What’s the beak for?
The beak of the birds can fulfil several functions: opening the seeds, to defend themselves, to capture the prey and to build the nest. Some species use it for fishing or for collecting pollen, almost all for smoothing their feathers.
Depending on the diet and the way the food is taken, the beak will have a specific shape that will help us to understand which of the following categories belongs to a bird.
Keep in mind that many species have adapted to eat more types of food, taking advantage of what each season makes available to them:
Feed on insects, the beak is thin and pointed, sometimes quietly long.
They feed on fruits. In some species the beak is curved or concave in order to extract the pulp of the fruits, in others it is thinner in order to feed on smaller fruits, which can be eaten whole.
The food is represented by the seeds, the beak is stocky and strong. Some granivores chop the seeds, others open them speckling with the beak, others shell them. The dimensions of the beaks are related with those of the seeds.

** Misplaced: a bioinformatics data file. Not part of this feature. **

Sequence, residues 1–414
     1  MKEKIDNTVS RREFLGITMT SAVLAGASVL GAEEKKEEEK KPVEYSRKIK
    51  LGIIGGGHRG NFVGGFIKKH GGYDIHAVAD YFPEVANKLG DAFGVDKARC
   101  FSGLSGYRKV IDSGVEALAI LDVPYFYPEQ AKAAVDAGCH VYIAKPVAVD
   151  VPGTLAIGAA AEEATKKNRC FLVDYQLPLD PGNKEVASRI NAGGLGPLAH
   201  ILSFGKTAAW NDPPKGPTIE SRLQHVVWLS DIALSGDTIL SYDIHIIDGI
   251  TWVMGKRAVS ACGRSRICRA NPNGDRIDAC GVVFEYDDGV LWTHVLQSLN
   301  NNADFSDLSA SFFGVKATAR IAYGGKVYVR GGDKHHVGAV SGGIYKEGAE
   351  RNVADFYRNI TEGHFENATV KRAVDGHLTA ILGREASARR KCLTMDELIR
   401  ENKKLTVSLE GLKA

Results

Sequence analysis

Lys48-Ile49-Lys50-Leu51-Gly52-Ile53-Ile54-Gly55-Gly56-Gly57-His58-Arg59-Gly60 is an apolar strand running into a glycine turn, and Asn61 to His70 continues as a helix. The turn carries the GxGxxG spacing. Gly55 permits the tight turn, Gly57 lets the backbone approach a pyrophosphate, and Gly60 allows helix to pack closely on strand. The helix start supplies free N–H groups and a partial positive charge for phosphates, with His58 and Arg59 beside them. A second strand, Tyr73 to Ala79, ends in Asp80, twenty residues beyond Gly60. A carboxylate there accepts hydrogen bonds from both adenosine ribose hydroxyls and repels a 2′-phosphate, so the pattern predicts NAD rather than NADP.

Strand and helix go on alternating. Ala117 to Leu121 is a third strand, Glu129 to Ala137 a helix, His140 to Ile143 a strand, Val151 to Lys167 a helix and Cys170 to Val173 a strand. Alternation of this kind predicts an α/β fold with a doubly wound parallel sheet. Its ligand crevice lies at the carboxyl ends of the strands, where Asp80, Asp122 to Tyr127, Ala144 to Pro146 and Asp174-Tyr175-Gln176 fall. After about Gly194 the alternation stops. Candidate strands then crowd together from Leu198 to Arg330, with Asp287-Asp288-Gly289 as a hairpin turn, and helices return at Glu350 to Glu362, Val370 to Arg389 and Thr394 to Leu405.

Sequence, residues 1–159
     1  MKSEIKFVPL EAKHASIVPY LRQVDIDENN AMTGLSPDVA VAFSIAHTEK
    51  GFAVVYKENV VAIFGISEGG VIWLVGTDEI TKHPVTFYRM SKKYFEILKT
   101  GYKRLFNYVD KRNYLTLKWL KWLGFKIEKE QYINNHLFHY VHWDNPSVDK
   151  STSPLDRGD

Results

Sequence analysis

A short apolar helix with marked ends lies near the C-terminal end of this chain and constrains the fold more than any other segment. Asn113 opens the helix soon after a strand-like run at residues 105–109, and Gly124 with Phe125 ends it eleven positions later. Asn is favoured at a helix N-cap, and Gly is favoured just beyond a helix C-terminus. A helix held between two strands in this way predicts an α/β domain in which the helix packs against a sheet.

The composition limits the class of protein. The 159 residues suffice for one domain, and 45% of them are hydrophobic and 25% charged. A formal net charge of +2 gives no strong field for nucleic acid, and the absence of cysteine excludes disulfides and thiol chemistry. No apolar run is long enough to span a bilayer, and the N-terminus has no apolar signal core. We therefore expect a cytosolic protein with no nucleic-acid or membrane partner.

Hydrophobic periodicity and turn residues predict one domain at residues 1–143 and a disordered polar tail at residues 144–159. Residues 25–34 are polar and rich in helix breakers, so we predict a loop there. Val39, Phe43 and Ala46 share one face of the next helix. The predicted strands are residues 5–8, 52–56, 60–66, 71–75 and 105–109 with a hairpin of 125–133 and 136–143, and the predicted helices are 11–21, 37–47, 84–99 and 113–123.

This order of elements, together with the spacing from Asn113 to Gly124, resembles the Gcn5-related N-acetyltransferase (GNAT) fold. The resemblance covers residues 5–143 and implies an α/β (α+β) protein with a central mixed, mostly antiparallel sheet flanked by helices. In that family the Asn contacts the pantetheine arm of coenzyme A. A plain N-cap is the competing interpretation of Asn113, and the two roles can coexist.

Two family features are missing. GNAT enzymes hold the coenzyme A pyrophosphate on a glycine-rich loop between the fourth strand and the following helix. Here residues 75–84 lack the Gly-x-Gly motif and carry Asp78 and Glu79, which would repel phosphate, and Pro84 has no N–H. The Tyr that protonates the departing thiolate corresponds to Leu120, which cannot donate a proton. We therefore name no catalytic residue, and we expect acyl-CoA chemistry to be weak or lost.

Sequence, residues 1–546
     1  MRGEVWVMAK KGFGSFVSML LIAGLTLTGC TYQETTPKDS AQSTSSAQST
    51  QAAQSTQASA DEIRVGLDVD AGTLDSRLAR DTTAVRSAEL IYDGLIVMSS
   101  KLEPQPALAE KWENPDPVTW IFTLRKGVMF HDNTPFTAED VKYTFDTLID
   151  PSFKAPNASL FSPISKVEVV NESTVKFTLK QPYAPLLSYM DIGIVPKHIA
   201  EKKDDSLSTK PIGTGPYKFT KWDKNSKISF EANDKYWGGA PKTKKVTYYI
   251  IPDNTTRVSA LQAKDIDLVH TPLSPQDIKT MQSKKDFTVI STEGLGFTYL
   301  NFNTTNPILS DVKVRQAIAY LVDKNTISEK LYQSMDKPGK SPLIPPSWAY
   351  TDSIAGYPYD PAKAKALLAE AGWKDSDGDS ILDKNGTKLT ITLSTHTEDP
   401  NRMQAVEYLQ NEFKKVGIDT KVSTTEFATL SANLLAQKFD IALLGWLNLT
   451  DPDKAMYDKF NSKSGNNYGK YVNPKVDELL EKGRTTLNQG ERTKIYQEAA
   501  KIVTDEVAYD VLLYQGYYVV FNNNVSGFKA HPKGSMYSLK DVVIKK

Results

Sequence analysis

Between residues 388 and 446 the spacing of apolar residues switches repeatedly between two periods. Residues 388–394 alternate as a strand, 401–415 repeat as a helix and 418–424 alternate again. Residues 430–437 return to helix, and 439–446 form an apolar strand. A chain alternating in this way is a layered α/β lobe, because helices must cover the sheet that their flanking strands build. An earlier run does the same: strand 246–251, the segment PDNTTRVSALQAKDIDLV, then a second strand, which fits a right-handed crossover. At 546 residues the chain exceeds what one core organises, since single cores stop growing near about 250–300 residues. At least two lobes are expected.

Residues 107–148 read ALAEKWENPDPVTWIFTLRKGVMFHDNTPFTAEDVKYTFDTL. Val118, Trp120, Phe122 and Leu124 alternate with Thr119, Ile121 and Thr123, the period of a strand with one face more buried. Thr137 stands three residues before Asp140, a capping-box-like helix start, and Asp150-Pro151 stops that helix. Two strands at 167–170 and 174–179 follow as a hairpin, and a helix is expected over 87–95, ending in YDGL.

They have long beaks and tongues “designed” to collect nectar. The species belonging to this group can be found in America, Africa, Asia, and Australia.
The beaks of the aquatic birds, are different depending on what they feed on and we can briefly divide them into:
- long and strong for those who eat fish
- long and thin for the mud-dwellings, which feed on the invertebrates found in the dregs
- broad and flat for the anatidae, which feed on the aquatic vegetation
Among the aquatic birds we also find insectivores, granivores, raptors.
They are predators: kill and eat mammals, reptiles, amphibians, insects, rodents and other birds. They have a distinctive hooked beak, characterized by an upper jaw strongly curved and by sharp edges, for tearing the prey and ripping up pieces of them.